Makayla Salazar, the first person to catch a fish in Lake Nighthorse, is too young to remember the construction of the long-awaited lake.
Lake Nighthorse was approved by Congress in 1968 to fulfill a water rights settlement with Native American tribes, but work on the $560 million project did not start until 2003.
Colorado Parks and Wildlife declined to oversee the lake in 2008, prompting the city to assume management of it in 2009 – the same year water started flowing into the reservoir.
Salazar was one of many children on Saturday crowding the shores of the lake to catch fish in celebration of Lake Nighthorse’s opening.
The city planned the event for kids 15 years old and under with special permission from Colorado Parks and Wildlife because Lake Nighthorse doesn’t officially open until Sunday.
“The kids are really being quite successful today,” said Parks and Recreation Director Cathy Metz.
Jordan Davin, 12, caught his very first fish in Lake Nighthorse. He described himself as a catch-and-release fisherman.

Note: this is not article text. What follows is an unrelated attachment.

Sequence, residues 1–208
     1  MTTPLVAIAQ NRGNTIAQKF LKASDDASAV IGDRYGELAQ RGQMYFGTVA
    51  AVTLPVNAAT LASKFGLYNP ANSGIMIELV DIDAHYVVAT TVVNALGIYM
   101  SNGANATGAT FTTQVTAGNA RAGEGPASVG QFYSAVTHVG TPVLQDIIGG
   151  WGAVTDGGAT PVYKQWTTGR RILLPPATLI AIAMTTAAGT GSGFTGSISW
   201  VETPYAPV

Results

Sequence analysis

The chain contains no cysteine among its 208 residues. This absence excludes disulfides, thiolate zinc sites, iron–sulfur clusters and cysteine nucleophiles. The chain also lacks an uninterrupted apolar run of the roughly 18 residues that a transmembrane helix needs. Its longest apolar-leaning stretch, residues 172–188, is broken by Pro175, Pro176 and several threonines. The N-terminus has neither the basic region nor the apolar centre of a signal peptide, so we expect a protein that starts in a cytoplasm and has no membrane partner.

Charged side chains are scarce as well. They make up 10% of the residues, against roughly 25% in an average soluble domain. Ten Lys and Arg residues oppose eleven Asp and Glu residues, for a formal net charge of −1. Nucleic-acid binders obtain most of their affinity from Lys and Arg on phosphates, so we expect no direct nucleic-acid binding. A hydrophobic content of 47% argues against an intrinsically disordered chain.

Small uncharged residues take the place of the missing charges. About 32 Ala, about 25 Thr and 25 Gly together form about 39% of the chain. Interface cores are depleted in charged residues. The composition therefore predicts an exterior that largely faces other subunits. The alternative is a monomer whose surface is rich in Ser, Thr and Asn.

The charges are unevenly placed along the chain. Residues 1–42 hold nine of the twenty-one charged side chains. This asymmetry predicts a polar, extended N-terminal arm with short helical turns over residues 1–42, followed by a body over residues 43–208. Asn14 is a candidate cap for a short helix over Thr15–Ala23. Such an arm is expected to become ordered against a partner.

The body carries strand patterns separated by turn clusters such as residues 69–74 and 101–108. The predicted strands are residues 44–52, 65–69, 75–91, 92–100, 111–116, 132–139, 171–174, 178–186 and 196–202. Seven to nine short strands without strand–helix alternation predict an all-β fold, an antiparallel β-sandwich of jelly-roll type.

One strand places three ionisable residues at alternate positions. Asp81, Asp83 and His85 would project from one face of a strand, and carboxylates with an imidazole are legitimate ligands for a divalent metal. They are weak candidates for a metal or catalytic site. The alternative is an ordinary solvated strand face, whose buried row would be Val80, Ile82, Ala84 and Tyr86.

“This lake is awesome,” he said. “But I don’t like eating them because they’re an innocent animal.”
His brother, Eli, 13, did not share the same sentiments regarding fish.
“We are poor people; we eat the fish,” he joked.
The Davins, who live in Red Mesa, have been eagerly awaiting the opening of the lake.
“All four of my kids caught a fish,” said Sasha Davin. “This lake is close to home, not really expensive and something we can all do together.”
Bryan Montgomery, 15, reeled in two fish before noon. He released the second trout because it was too small to eat.
“I’ve been waiting for this lake to open,” he said. “I love it. It’s really exciting.”